I like it because of the portability of it. By having it on my smartphone whenever I feel like playing it is there for me. Each single game takes a minute or so and over the course of a day I can play a dozen games just in the time I am waiting for something. It has made plane flights and train rides go by in a flash. It is just the right amount of challenge without the time commitment other forms of gaming require.

It is still amazing to me that what used to take a whole weekend at a friend’s house 40 years ago, for a D&D module, has evolved to minute size bites of the same fun available in my pocket at a moment’s notice. There are many wonderful technological advancements much more important but for my personal joy none are much bigger.

Mark Behnke

Sniffapalooza Spring Fling 2014 Preview

One of the things about writing about the world of fragrance is my calendar tends to have some important events that mark each season. None of these events is more enjoyable to me than the twice-yearly event known as Sniffapalooza. Sniffapalooaza was created, and continues to be run, by Karen Adams and Karen Dubin. They are affectionately referred to as The Karens within the industry and among perfume aficionados. The Karens began as one of the latter but over the years the impact of Sniffapalooza has made them part of the overall industry. That being said they have never lost the enthusiasm for perfume that led them to create this event, and it shows.

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Karen Adams (l.) and Karen Dubin

Sniffapalooza Spring Fling 2014 will take place on Saturday and Sunday May 3 & 4, 2014 in New York City. It begins with breakfast at Bergdorf-Goodman where we are greeted every year by the fabulous Tom Crutchfield of Roja Perfumes who ushers us through the empty store down to the café. This is the beginning of the scenes which get repeated at every Sniffapalooza as perfumed friends re-connect and those who we might have only known through Facebook or a perfume forum is standing there in real life. The morning is jam-packed as every line in Bergdorf Goodman presents their latest and greatest. Once we are done we spend time on the beauty floor getting better acquainted with our favorites.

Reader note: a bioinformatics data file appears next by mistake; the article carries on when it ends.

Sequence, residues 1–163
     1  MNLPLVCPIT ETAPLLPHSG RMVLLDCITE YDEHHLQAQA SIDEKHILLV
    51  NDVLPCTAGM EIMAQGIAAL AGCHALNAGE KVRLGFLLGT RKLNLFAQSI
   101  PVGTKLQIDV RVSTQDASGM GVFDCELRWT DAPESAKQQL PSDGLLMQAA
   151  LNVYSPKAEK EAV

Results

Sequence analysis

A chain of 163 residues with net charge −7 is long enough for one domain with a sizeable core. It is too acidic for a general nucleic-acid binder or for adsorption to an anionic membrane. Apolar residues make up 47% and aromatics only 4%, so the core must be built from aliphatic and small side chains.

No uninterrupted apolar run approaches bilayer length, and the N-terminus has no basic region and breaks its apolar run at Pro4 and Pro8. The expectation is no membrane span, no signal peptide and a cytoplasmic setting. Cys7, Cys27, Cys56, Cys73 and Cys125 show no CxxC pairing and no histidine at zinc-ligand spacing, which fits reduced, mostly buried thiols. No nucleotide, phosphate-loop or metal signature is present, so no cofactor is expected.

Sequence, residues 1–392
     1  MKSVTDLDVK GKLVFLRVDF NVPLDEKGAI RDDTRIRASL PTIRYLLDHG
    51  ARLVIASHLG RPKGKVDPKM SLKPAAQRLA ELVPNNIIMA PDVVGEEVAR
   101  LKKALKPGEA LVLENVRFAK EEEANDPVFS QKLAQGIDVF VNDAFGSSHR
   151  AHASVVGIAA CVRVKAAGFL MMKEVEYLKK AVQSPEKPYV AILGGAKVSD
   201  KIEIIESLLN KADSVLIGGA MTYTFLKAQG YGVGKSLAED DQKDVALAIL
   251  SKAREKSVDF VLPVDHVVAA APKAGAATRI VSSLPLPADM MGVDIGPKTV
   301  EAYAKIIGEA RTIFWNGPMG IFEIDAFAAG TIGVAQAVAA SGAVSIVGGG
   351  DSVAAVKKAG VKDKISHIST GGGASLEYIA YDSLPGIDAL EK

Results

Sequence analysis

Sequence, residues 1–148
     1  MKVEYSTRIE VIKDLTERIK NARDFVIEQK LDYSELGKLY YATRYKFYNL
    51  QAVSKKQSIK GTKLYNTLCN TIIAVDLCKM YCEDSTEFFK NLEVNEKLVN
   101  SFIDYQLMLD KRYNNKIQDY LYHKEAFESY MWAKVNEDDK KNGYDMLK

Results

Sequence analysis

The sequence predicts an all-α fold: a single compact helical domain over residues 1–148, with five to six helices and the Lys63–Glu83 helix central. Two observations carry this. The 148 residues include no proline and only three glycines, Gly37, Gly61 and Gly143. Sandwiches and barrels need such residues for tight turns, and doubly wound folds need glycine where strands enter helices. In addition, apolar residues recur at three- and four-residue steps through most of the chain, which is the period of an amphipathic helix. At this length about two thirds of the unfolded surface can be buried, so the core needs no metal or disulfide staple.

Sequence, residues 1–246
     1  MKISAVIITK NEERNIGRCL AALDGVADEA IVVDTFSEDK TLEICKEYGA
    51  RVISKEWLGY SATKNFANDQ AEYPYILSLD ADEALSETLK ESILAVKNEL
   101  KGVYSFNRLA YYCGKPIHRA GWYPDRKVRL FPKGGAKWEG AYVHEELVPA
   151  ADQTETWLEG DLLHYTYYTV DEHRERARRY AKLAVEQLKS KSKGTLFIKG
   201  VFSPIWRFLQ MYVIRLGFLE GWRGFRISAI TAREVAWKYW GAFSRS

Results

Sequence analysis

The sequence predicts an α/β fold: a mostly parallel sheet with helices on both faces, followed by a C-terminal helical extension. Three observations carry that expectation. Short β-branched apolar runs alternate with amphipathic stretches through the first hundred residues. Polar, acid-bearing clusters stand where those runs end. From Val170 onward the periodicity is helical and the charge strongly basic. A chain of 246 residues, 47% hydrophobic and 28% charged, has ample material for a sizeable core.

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Tom Crutchfiled at Fall Ball 2011

Lunch is an opportunity for presentations from a varied roster representing almost every corner of the fragrance world. I will have the great opportunity to introduce Colognoisseur to this audience. After lunch we visit Henri Bendel and Krigler Perfumery at The Plaza, and finish day one at Molton Brown.

After a night of sleep we gather for more sniffing downtown at Osswald. This is followed by visits to two new fragrance initiatives that are very exciting to me. The Fragrance Republ!c is a subscription service and community which produces a new perfume every month for their subscribers. The Scentsorium is the brick and mortar home to Sue Phillips who has spent years teaching classes to enthusiasts on how to make their own bespoke perfume. Now there is a place where this can happen any day. Then my favorite part of Sniffapalooza comes next the lunch called Emerging Artists Uncorked where new indie perfumers present their creations. I was so enthusiastic about this The Karens have allowed me to be the keynote speaker and MC of the lunch. I love the opportunity to share the best new indie fragrance with this group.

The final part is free form wandering in The Fragrance District downtown as we visit MiN New York, Diptyque, Le Labo, and Atelier Cologne. Over the rest of the afternoon we share our last moments together and the best smelling group of people board various modes of transportation back home. I will be covering everything from this year’s Spring Fling right here on Colognoisseur. Viva La Sniffa, Baby!

Mark Behnke

New Perfume Reviews CB I Hate Perfume Rare Flowers Narcissus, Jasmine Sambac, and Tuberose- Soliflores Unplugged